A musician can produce or perform music and give it away - a free concert or promotional sampler perhaps. Alternatively they can sell tickets, and if they sell enough, they can exchange the ticket revenue for a performance of music. However, this is nothing to do with copies. Even though their fans can make copies for nothing, those fans cannot make the musician perform at the concert unless they pay them money.

      Similarly, you cannot make a musician record a studio performance for nothing. Once they've sold such a recording to their fans who've paid for it, sure, THEN you can make copies for nothing. You can make copies for nothing because it takes next to zero work and material resources to produce a copy. That's why copies are free. The copy is free - NOT the music.

      That's why if musicians focussed on selling the music (what they're good at making) instead of selling copies (what their record label and fans are good at making) then they wouldn't get so upset at the fact that their fans had taken back their liberty to make and share copies.

      Hence the business model I evangelise: Money for Art, Liberty for People (MfA+LfP).

      It's not charity. It's an exchange: art for money, money for art. It's also ethical as it restores the people's cultural liberty, their natural right to copy (as suspended by Queen Anne in 1710 for the benefit of the press).

      If you can get all the music you want without paying anything then that's brilliant. However, if you're anything like me you will come across the odd few artists whose music you like so much, you just can't get enough of it. In such a case you may well join their other fans in persuading them to produce more and sooner rather than later. And I think you'll find money can be more persuasive than begging.

      I'll let Mike explain CwF+RtB.

       

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        Suzanne Lainson (profile), Feb 3rd, 2010 @ 1:06pm

        Re: Re: Music is free

        I've gone to so many shows -- for awhile as many as 200 shows a year. I watch the audiences to see why they are there. In many cases it isn't really the music per se. It's for what they are getting out of it personally. And often those personal needs can be met in a variety of ways.

        Now that people are giving away music online for free, and now that so many bands are looking for places to play (effectively dropping the income they make on ticket sales), musicians are looking for non-music items to sell (e.g., merchandise, relationships, access). If you look at the above list of ten good reasons, many don't have to do with the music and can be sold by non-musicians as well. If, as a musician, you are selling "belonging," you will be up against any organization that also sells memberships. In some cases, the ideal package for the consumer will be music for free and paid membership in a non-music club.

        All I have been pointing out is that I see an explosion of musicians, many of them talented, many of them getting rave reviews in their local papers, many of them playing on any given weekend. Those of us who have been in Colorado for decades note in amazement that never have there been so many talented musicians playing simultaneously.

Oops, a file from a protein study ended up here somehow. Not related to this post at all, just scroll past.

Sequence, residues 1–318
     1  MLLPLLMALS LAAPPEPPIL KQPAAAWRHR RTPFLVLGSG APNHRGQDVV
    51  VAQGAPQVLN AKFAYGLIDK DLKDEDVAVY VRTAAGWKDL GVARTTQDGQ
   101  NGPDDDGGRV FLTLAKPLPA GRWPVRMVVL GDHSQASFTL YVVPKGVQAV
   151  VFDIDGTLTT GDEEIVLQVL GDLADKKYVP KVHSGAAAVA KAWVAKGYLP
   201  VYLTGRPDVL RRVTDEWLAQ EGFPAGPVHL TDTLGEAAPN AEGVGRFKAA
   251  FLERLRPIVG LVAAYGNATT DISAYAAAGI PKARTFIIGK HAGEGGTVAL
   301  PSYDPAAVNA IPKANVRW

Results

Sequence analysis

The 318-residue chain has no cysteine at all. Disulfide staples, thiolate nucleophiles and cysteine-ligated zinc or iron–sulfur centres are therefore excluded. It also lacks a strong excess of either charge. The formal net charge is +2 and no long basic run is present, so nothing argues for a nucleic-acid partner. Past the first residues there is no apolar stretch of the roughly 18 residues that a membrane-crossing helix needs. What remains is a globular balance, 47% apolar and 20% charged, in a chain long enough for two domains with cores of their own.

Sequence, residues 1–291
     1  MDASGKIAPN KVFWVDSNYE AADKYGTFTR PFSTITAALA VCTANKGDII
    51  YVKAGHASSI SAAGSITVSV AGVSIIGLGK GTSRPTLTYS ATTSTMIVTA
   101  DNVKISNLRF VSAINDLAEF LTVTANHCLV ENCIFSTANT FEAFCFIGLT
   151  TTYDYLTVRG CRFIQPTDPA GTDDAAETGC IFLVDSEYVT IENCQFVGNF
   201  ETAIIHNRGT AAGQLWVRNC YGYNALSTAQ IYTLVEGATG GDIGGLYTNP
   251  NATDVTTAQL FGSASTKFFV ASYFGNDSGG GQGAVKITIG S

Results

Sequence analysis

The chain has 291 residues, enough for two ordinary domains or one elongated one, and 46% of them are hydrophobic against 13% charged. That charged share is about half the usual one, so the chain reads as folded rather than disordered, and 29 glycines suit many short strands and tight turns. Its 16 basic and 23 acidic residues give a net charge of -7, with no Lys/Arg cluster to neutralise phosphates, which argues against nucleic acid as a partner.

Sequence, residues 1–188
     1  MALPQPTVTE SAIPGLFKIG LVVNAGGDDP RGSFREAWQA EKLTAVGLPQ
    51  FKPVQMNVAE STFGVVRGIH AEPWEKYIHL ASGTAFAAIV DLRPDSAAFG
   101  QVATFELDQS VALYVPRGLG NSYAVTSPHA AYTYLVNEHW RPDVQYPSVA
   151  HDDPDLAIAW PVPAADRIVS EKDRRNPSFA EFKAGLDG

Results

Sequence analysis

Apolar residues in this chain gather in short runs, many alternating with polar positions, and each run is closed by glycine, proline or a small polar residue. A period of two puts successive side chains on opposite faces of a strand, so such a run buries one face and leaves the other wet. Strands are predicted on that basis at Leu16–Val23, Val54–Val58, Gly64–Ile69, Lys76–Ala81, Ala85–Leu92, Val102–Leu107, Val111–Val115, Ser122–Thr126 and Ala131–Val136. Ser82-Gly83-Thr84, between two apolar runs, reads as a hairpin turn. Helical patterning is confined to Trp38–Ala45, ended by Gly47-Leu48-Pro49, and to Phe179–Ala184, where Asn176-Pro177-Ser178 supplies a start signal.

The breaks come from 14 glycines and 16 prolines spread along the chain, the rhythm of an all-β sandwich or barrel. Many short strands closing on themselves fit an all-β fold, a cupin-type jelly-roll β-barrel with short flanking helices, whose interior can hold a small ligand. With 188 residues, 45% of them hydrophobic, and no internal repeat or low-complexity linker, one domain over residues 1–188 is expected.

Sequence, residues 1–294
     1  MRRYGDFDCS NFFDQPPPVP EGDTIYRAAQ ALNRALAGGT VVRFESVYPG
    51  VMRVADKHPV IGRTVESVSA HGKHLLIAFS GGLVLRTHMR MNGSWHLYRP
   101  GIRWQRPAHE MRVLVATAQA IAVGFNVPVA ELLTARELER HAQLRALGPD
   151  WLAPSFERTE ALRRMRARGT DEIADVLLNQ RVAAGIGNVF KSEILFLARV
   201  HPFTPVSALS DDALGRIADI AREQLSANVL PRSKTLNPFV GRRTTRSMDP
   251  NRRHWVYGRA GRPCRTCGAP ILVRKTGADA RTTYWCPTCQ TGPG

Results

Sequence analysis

In terms of creativity, it is great. In terms of being a fan looking for good music, there are lots of options. In terms of wanting to make music with good musicians, there are all sorts of configurations; there are lots of collaborations.

        In terms of unsigned musicians making a living at this, it was better a few years ago because there weren't so many people giving away their music to the same pool of potential fans.

         

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          Crosbie Fitch (profile), Feb 4th, 2010 @ 3:07am

          Re: Re: Re: Music is free

          It sounds like you're adopting the publisher's perspective in treating 'music' as 'content', that it's all pulp and soma, indistinguishable, substitutable, lowest-common-denominator MTV filler.

          Try thinking of it this way (pre/post copyright):

          • All published music has either been paid for or is a promotional 'loss leader'.

          • All published music belongs to the public, is freely re-distributable, and free to be remixed, incorporated, improved, etc.

          • The production of music is labour intensive, expensive and highly valued by those who appreciate it.

          • Those who appreciate a musician's music will pay the musician to produce it.



          None of those statements conflicts with any other. However, someone indoctrinated by copyright cannot reconcile them. To them it seems as if all music is free. Moreover, given all music is homogeneous dross, no-one will ever be inclined to pay anyone to produce any more because too many new musicians are churning it out as a promotional loss-leader to build their fan base. They believe the market is irrecoverably saturated and will remain that way.

          So clearly, there must be a flaw in such thinking.

          The answer is that music is not a mildly variegated pacifier to be packaged and sold for consumption by the masses, but highly eclectic/diverse/heterogeneous and highly valued by respective audiences.

          Music is not a commodity except in the eyes of the publishing industry that needs something to fill the boxes it shifts - boxes it has a monopoly over (box=copy).